May 18, 2011

Past pain across the road

I like that there used to a railroad operating across 366 from me - I'm always interested in trains, and have a stack of books and models and assorted other bits from them. At the same time, I remember that it wasn't all a picnic:

Yard crews, road crews, and all other employees are also governed by Rule 8: "If an employee shall be disabled by sickness or other cause, the right to claim compensation will not be recognized. An allowance, if made, will be a gratuity justified by the circumstances of the case and the employee's previous conduct."

The EC&N's accident record over [1884-1890] is testimony to the hazards of working on the railroad. The railroad's annual reports to the state indicated there were over sixty injuries or fatalities... including an average of one employee fatality every twenty weeks and one non-fatal employee accident per month. - The Ups & Downs of a Rural Line, page 34.

I sometimes wonder why my employer pays workers compensation insurance while I work at home at a desk job, but then I think over the amazing use of passive voice in that first paragraph and marvel that it was considered legally just fine not not to take responsibility.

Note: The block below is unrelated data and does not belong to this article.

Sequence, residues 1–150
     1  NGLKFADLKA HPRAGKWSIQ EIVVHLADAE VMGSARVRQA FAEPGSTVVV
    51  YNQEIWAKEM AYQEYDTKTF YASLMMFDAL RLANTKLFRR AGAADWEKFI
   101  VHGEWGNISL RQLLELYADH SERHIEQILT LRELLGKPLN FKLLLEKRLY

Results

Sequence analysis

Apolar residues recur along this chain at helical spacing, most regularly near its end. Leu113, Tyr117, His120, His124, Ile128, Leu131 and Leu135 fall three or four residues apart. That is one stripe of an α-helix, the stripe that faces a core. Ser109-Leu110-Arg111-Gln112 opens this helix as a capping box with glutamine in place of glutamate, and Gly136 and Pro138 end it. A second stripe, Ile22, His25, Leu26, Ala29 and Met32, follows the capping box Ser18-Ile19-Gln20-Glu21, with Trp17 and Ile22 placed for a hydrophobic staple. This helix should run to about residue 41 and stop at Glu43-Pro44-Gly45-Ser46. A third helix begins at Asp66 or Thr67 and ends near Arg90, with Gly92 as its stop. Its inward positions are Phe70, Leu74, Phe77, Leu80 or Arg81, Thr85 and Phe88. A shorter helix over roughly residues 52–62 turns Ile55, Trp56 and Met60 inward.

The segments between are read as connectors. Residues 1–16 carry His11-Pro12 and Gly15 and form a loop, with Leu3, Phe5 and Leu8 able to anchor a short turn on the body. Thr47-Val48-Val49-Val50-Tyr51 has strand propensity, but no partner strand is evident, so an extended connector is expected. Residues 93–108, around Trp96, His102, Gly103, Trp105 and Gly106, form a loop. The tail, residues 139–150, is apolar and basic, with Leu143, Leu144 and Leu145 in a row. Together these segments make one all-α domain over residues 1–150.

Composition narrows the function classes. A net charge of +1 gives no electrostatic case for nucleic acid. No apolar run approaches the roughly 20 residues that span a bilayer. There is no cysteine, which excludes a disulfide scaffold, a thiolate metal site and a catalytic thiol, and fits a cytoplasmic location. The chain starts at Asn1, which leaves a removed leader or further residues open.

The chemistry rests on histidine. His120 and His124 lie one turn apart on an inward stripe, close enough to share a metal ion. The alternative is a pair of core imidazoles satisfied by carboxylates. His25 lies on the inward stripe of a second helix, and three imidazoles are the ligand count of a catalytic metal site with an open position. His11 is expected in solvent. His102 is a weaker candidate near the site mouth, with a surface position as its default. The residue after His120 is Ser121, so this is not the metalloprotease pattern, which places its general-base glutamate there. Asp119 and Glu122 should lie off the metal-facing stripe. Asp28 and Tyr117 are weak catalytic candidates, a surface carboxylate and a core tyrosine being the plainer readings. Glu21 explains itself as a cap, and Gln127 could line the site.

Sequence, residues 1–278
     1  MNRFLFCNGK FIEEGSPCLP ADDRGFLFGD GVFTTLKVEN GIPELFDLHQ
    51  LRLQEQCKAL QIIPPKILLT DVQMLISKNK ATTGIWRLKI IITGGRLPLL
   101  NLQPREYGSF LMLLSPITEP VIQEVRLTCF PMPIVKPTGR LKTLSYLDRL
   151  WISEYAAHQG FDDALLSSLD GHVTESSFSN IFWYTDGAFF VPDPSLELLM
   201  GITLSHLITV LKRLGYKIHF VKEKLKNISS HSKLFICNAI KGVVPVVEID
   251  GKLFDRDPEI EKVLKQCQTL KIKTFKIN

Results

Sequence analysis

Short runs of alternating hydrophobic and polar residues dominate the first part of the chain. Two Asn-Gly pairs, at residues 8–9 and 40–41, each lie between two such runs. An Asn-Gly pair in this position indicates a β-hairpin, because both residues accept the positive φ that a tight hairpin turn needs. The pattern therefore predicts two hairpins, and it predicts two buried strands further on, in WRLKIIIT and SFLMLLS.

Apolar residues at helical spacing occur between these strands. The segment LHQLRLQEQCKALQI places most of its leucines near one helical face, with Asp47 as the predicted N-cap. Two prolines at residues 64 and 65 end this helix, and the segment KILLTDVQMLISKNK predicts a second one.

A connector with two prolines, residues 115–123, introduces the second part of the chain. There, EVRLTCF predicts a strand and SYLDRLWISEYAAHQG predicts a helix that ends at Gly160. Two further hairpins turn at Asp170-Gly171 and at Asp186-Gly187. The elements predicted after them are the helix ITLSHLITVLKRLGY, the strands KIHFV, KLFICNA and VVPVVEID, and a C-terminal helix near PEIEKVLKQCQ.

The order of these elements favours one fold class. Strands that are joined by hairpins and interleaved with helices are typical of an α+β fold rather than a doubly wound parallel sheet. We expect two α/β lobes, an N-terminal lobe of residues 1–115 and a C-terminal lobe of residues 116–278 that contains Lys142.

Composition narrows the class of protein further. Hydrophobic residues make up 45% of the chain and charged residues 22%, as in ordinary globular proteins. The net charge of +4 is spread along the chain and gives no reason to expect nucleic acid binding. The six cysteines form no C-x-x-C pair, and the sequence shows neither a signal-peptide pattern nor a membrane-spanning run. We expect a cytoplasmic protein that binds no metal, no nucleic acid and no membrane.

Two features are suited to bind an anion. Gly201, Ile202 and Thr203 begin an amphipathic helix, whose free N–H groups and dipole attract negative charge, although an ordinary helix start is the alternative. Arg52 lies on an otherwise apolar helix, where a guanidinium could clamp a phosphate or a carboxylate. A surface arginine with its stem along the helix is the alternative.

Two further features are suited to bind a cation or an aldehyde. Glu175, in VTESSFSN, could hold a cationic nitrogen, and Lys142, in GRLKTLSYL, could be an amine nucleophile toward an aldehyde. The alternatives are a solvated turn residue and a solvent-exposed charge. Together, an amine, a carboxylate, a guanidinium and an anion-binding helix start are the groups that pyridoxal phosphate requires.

While most of the accidents Marcham describes in that book took place elsewhere, the Varna-Etna area seems to have been prone to washouts. A caption for a photo of Newton L. "Doc" Hunt on page 134 notes that:

Like nearly all his fellow trainmen, he experienced several train accidents including separate incidents in 1907 and 1944 caused by track washouts at Varna. He carried scars from these accidents to his death at the age of 67 in October 1952.

A few years ago Mike Lane sent me an article about some innovative way of replacing a culvert along this line somewhere in Varna. I didn't post it here because it was post-1922 and still in copyright, but I'll have to track it down and see if I can figure out where exactly that work was done. I understand that washouts were part of what ended the use of the line, which may someday become a trail and is now a key corridor for water and sewer infrastructure.

Posted by simon at May 18, 2011 7:03 PM in ,
Note on photos